Posted by
4238 posts

We visited Portugal last May (second time for me) and just loved it. The people are wonderful.

Porto was our favorite city.
I strongly recommend the InPatio Guesthouse in Porto. Fantastic B and B, in fact the best we have ever stayed in.

Posted by
414 posts

Please learn Portuguese as it is spoken in Portugal and not Brazil. I am fortunate to live in a city where there is a Portuguese consulate and have been able to take lessons from a native of Portugal. Upon speaking my limited Portuguese in Portugal, most people commented positively on the fact that I was speaking Portuguese and not the Brazilian kind. There is a difference in pronunciation and in some cases, grammar. BBC online language might be helpful as I think it is the right type for you and also I think Duolingo has the right variety, but only on the Apple ap not on the PC version. I would not underestimate the challenge of learning to speak this language. I've learned French, Italian and Portuguese - Portuguese has been the most challenging of the three.

As previously mentioned, most of the young people speak very good English in Portugal. Most of the imported tv shows from the English speaking countries are shown in English with Portuguese subtitles which has certainly helped people learn English, and I understand it is now taught from a very early age in the school system.

Porto is a great city, as is Lisbon. I don't think there are many expats in Aveiro, but it is another town that might be interesting for you.

Posted by
6 posts

We have my wife set to retire in April, so now we can spend three weeks in Portugal, scouting. I may do a short trip of a week or so ahead of that longer spring trip if I can make some potential contacts for the Health care cost consulting I am contemplating.

I think somewhere there was mention or a post from a woman doing marketing and web-sites in English from the Algarve. Anyone know anyone in that vocational area?

Also, while I am trying to set meetings with people who would be passably fluent in English, has anyone ever used the services of a translator? What are the approximate hourly/ daily rates?

Thank you all very much, and sorry for the sometimes belabored English syntax in some of my sentences above. :)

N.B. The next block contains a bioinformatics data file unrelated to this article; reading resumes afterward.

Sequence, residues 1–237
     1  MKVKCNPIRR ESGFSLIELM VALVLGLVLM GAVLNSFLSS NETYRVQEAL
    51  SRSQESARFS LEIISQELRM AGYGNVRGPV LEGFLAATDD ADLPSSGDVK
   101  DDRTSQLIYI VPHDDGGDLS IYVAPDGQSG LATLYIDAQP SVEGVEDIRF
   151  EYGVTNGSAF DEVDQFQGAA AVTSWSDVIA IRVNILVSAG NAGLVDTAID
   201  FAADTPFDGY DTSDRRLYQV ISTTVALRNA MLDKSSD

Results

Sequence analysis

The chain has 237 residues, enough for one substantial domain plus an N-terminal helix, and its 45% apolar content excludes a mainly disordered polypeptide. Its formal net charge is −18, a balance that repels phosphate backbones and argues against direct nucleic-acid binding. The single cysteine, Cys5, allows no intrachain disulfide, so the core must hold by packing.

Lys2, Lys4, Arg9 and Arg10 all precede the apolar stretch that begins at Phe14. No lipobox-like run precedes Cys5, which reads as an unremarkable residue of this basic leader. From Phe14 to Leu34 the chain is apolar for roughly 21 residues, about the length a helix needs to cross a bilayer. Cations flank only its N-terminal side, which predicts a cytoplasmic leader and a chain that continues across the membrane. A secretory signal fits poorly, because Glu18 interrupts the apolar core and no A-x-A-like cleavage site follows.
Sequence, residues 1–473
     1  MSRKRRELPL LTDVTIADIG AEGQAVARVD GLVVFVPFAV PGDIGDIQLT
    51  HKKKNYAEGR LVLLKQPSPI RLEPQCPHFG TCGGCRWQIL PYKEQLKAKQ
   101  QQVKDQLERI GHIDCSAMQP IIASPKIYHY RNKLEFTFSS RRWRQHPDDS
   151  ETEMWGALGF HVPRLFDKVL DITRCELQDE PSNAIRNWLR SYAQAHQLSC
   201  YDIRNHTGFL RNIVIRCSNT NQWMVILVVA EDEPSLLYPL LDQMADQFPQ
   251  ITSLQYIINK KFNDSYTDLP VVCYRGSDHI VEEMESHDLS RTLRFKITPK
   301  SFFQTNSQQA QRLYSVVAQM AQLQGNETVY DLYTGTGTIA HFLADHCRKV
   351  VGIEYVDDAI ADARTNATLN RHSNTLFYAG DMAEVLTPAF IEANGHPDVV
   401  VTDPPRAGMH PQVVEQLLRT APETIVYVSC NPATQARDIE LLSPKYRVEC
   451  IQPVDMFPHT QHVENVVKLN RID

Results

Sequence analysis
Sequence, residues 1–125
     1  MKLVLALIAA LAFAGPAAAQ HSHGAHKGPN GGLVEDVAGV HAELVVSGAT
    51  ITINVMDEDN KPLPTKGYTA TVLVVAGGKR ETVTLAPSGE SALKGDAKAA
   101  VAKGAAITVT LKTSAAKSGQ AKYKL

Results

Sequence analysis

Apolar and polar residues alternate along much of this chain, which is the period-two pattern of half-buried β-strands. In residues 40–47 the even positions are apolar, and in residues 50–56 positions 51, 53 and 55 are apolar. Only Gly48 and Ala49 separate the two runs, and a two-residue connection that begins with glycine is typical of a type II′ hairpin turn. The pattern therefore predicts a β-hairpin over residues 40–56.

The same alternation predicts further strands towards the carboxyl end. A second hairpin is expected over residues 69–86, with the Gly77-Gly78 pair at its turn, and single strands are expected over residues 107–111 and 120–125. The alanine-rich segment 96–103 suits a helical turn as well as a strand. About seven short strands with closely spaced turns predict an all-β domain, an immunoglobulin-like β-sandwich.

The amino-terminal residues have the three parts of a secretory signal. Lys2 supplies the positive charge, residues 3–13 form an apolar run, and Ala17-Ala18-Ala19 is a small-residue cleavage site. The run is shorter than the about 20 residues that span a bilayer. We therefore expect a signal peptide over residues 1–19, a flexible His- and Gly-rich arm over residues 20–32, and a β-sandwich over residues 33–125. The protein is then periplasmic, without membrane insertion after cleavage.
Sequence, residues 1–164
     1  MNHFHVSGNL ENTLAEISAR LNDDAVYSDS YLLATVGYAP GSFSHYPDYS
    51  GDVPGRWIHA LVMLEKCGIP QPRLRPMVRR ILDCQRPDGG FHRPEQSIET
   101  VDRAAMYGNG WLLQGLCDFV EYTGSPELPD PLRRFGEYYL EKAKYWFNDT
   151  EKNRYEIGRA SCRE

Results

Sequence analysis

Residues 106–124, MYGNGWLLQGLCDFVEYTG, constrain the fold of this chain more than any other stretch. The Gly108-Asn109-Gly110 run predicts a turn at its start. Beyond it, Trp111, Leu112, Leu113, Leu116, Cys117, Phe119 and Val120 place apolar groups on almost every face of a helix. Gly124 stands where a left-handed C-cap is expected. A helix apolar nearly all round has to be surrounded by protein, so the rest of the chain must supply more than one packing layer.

Posted by
73 posts

About Brasilian Portugues in Portugal

I grew up in Brasil, going to Brasilian schools and basically growing up as a Brasilian kid

I did not have many problems with Portuguese in Portugal - but they do talk little funny :)

Several people told me that they did not have trouble understanding Brasilians, but that Brasileiros had trouble understanding them

It all worked out fine

Posted by
27 posts

I would not underestimate the challenge of learning to speak this language. I've learned French, Italian and Portuguese - Portuguese has been the most challenging of the three.

If you don't mind, I'd like to know why it was the most challenging. On the plus side, they're all Romance languages, so the common root helps. I've read in a few places that learning the pronunciation is difficult for native English speakers, though they didn't elaborate why.

I'm visiting Portugal this Spring partly as travel, partly to evaluate as a country in which to reside. Even if I wouldn't need to learn the language, I'd intend to make the effort.

Posted by
13 posts

I have some familiarity with other Romance languages but while Portuguese IS a Romance language, the pronunciations are a challenge - especially the "s" sounds which often sound like "ssh" or even "ssch"(example Lisboa is pronounced Lischboa). Also yes is sim and no is nao but pronounces rather like "sing" and "noing" (was hard to kick the habit of si and no). I'm sure there are other challenges for primarily English speakers that speak "some" French, Italian, or Spanish but these were the particular challenges that I really struggled with (and so did my husband although he is quite conversational in the other Romance languages).

Posted by
244 posts

I am "learning" Português right now in preparation for our vacation in September.
I have found this to be very good. It provides both written and oral words/phrases.
This is another excellent learning website, but a bit too advanced for me at this time.

Do not learn Português do Brasil. The pronunciations are not very close. I was discussing the language with a young man from São Paulo, Brasil and he and I agree the languages are cousins and not siblings.